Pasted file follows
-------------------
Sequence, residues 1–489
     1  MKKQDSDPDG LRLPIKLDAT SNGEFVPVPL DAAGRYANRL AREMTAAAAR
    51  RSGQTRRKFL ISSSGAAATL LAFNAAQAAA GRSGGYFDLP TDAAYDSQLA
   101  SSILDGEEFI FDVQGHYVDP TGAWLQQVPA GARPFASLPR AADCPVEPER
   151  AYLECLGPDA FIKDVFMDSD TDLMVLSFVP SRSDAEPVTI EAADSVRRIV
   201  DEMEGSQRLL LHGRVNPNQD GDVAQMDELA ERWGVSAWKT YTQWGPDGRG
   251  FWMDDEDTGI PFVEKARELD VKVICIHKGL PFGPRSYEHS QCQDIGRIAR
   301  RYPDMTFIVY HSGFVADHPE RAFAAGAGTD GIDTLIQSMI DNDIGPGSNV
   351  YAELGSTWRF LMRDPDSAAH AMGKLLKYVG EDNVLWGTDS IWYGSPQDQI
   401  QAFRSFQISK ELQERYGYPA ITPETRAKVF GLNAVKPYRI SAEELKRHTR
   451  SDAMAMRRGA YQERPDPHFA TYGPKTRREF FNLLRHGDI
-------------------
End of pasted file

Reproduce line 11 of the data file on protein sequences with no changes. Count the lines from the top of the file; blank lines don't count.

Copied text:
   451  SDAMAMRRGA YQERPDPHFA TYGPKTRREF FNLLRHGDI